We laid it back down on the old tires, reattached the rope to the tail spring, and summoned all the young ,strong mechanics from the businesses in the hangar. With about five of them on each wing leading edge, the front-end loader pulled the tail up to vertical. With all the muscle keeping most of the airframe's weight off the nose, and the spinner and prop already toast, it went over surprisingly easy and with no further damage.

From then until ten pm, much-appreciated volunteer help removed the spinner, prop, cowlings, one wingtip, canopy, flaps, rudder and vertical stab, along with disconnecting everything in the wing roots and pulling up the cockpit floors to loosen all the wing bolts in preparation for removing them tomorrow morning.

The list of damage was initially surprisingly light, it is a very strong design. The standard noseover-event items, of course: a new spinner, propellor, canopy, wheel pants and vertical stab and rudder. Minor damage to a flap trailing edge, aileron outer rib, and wingtip, two slight cracks in the lower cowl.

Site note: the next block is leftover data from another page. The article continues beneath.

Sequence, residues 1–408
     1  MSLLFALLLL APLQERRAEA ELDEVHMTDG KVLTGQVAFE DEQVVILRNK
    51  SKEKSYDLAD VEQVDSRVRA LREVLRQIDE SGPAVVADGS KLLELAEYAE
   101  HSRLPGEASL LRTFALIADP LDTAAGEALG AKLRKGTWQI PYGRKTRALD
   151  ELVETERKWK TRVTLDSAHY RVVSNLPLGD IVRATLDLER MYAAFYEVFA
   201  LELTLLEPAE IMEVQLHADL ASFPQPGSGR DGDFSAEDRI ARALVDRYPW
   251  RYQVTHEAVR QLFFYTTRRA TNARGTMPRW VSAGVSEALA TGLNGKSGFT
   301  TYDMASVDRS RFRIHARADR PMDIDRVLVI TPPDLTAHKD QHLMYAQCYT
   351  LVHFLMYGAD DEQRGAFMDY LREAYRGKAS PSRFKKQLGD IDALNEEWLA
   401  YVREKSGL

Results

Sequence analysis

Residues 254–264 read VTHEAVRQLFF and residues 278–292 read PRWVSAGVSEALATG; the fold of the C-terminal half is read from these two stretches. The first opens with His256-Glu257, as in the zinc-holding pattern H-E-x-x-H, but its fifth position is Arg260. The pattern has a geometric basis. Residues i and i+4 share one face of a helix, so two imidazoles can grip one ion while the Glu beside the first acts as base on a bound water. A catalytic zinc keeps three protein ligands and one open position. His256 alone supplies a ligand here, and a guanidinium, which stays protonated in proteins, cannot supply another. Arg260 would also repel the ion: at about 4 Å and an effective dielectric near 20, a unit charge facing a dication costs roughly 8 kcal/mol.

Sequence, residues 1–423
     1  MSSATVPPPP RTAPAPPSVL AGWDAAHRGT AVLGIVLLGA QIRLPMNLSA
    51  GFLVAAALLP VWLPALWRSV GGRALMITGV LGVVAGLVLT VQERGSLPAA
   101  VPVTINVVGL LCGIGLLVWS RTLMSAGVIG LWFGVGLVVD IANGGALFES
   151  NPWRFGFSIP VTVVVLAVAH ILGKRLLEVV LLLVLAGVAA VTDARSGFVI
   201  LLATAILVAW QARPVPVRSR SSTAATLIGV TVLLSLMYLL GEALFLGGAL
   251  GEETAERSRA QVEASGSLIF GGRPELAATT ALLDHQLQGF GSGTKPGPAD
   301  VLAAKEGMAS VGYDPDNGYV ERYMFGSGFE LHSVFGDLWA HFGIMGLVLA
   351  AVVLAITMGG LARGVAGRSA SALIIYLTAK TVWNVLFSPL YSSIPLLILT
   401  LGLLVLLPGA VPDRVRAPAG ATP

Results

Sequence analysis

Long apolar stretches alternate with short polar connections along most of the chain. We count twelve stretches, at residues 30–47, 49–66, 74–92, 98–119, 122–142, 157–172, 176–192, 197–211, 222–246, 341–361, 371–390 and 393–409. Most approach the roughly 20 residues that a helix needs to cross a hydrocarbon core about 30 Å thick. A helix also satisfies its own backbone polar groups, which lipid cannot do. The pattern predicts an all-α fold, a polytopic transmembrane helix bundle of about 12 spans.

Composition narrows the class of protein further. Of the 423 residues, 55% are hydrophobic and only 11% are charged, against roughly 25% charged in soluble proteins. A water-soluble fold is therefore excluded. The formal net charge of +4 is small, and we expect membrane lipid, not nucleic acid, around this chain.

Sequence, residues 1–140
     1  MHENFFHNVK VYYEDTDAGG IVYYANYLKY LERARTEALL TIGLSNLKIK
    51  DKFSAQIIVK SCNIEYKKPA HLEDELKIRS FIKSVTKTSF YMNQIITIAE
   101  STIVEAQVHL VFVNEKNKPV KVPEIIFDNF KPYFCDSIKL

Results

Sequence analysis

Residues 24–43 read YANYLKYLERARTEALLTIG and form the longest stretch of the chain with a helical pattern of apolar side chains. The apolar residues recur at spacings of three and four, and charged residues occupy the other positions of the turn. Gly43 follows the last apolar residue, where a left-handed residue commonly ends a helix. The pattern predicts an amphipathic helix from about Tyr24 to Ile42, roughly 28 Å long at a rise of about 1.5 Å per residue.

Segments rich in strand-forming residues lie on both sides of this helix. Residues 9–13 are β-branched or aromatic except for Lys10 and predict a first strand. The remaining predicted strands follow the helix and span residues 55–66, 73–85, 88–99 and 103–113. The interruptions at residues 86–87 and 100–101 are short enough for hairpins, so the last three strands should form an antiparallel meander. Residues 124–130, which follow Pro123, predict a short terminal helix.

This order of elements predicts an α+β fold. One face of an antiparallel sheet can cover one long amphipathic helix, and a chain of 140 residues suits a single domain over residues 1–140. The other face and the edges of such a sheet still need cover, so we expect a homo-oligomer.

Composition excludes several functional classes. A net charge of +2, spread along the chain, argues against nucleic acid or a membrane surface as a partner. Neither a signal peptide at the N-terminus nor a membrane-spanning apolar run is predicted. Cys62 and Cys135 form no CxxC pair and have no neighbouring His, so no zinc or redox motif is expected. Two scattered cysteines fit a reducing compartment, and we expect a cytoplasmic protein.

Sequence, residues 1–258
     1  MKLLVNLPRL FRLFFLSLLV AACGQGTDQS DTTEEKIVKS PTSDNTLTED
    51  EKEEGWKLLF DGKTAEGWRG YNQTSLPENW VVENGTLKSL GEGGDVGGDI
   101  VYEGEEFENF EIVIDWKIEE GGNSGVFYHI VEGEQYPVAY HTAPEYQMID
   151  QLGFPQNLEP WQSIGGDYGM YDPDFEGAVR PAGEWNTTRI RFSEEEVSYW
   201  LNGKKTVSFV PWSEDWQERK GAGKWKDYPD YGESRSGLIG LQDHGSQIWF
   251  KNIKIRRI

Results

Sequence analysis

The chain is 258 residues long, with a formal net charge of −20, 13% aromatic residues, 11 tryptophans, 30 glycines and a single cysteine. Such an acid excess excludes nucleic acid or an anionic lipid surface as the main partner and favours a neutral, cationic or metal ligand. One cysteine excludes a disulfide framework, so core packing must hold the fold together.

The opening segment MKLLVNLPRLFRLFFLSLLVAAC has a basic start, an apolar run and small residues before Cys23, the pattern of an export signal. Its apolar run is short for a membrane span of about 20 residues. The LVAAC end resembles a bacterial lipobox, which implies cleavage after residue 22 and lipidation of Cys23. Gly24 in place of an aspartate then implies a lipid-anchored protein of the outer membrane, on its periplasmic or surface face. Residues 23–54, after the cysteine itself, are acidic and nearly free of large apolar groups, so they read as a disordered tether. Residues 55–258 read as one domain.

However, as in most cases, the list is growing the further we get into the structure. It would appear that the damp earth that the airframe spent the night inverted in was quite salty, as many of the panel components show a thick, crusty, salty coating, including the comm radio, and all the upper instruments' mounting screws. Some of the instruments are about a third filled with water, the newly-overhauled clock is wound tight but not running, the digital OAT is blank, and the knobs on the intercom are reluctant to turn, as it was further underwater than the comm radio.